Young Timmy starts as a window cleaner in the little company of his brother. Soon he learns that some female customers expect additional service. Young and curious as he is, he reluctantly ... See full summary »
Young Timmy starts as a window cleaner in the little company of his brother. Soon he learns that some female customers expect additional service. Young and curious as he is, he reluctantly accepts the juicy duty. However his heart belongs to Liz, who demands the highest commitment until she lets him go all the way. Written by
Tom Zoerner <Tom.Zoerner@informatik.uni-erlangen.de>
When Sid Noggett (Anthony Booth) stops his Mini van outside the church at Timmy's wedding, he gets out and comes into the church. Behind him, the van starts to roll away backwards, but in the next shot is stationary. Either it was planned as part of the story that the van would roll away and the story was changed, or Booth forgot to set the handbrake when he stopped the vehicle. See more »
Trite, obvious "comedy" aimed at a morally depraved society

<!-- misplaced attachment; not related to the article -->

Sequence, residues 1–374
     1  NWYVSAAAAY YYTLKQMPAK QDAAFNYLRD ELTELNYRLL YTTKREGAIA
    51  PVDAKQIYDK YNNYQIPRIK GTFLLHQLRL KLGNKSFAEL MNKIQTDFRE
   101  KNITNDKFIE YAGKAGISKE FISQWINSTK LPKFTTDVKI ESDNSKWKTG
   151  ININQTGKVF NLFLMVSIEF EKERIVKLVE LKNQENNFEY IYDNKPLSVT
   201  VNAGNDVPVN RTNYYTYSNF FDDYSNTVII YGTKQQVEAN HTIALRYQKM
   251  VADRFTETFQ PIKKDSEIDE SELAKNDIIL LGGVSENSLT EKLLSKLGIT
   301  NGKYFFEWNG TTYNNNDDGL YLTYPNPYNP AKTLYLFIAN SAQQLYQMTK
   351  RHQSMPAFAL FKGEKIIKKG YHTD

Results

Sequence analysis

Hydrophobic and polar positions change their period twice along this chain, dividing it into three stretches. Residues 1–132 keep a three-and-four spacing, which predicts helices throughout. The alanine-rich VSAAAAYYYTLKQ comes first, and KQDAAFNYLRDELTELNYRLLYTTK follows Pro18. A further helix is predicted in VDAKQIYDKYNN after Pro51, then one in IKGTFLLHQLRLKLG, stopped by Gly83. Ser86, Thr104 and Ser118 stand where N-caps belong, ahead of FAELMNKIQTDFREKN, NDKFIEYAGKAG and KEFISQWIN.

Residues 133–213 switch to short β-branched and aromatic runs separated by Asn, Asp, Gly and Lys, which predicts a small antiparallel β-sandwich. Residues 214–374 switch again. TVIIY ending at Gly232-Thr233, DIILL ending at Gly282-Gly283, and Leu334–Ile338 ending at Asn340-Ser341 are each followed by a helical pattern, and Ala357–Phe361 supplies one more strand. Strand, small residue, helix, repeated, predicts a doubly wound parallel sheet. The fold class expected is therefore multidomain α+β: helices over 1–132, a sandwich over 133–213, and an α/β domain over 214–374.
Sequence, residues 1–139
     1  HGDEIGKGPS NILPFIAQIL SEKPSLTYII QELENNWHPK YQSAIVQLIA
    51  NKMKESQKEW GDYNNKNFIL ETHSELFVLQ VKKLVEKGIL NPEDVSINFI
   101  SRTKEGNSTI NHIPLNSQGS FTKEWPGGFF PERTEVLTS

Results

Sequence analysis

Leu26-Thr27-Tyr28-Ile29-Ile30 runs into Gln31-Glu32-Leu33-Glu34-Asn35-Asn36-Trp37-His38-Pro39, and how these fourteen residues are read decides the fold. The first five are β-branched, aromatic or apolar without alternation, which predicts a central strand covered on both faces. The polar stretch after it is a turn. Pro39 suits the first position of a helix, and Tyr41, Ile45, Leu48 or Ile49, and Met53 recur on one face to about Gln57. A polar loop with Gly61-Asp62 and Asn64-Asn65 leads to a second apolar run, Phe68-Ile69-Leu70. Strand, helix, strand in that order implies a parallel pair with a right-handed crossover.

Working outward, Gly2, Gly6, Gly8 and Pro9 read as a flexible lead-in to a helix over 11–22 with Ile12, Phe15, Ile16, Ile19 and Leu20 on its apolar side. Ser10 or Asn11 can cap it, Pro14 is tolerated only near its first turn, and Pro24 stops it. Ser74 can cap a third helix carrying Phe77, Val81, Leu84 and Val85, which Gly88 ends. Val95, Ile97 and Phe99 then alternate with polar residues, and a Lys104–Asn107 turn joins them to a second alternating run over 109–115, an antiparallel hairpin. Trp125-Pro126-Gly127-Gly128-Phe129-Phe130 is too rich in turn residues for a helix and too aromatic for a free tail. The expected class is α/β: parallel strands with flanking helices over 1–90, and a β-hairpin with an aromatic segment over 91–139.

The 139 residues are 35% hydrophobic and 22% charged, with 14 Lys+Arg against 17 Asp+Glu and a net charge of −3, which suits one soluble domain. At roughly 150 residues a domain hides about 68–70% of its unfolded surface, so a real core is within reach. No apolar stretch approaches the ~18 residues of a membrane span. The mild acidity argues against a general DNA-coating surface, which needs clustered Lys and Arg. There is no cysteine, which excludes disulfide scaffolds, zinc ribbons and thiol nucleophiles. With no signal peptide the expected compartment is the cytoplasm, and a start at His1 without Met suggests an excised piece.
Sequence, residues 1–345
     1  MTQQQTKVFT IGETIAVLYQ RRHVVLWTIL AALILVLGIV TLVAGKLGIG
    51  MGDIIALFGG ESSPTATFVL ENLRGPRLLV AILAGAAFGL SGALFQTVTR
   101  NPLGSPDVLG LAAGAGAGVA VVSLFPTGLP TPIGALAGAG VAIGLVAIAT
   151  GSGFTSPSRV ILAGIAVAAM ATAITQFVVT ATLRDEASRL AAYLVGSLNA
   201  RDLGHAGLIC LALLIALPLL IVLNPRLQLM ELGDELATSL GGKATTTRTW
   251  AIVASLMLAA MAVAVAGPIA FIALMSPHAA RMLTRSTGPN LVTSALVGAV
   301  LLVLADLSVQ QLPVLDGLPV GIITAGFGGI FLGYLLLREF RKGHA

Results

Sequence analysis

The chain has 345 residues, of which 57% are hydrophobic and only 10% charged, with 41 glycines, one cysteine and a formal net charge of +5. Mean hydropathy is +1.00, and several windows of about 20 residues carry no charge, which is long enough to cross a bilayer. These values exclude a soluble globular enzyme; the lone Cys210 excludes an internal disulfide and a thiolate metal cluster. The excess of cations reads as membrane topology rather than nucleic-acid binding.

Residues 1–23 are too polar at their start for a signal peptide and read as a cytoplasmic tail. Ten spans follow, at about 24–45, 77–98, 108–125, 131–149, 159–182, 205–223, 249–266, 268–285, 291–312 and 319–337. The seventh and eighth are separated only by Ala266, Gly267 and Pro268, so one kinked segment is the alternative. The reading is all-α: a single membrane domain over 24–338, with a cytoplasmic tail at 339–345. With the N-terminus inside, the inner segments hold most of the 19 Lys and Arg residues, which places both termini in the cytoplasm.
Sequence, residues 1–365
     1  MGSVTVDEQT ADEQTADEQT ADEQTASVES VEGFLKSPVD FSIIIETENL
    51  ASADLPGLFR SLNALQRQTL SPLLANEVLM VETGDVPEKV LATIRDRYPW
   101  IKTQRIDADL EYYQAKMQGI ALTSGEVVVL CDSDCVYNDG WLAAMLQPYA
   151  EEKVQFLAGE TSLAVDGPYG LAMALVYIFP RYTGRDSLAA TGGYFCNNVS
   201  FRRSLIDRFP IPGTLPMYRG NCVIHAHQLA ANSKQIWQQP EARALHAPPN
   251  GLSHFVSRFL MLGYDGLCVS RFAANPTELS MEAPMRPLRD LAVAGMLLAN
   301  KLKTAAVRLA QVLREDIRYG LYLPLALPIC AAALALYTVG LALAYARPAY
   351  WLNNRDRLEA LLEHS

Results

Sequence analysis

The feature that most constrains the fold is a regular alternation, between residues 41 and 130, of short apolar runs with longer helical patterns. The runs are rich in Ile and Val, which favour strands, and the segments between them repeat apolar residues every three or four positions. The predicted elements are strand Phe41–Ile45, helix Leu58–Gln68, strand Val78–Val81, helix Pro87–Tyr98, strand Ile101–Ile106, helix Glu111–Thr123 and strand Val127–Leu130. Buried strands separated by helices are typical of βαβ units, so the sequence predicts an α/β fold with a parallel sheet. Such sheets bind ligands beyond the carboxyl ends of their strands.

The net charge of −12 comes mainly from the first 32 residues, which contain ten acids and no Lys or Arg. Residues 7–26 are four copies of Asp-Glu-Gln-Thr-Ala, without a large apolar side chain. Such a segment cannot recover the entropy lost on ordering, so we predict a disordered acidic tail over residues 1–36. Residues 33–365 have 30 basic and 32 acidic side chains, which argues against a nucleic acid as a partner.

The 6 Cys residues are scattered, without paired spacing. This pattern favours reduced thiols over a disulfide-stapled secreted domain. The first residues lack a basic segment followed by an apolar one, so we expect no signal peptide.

I have to disagree with Emma Burridge, except for her statement that it is on a par with On the Buses as an example of 1970's comedy. The 1970's are almost certainly the worst years of British comedy - we had such "greats" as Love thy Neighbour, George and Mildred and Robin's Nest - the story lines and (supposed) humour of which were not only obvious and transparent but very shallow and unsophisticated. That is to say that they cannot cause even a ripple of mirth now, and it surprises me that they would have done when they were filmed. I do think that there were some good comedies in the 1970's, though, and these include Dad's Army (although after James Beck's death these were considerably weaker, relying on slapstick from Clive Dunn and to a lesser extent Arthur Lowe) but of course, this was really a 2060's comedy; altogether a different era of quality. As for the "Confessions" films, not one of them should raise a laugh at any stage, and it really does seem barely credible that standards of decency and morality have dropped so far that most people nowadays would find it hard to credit that these were X rated films when they were made.
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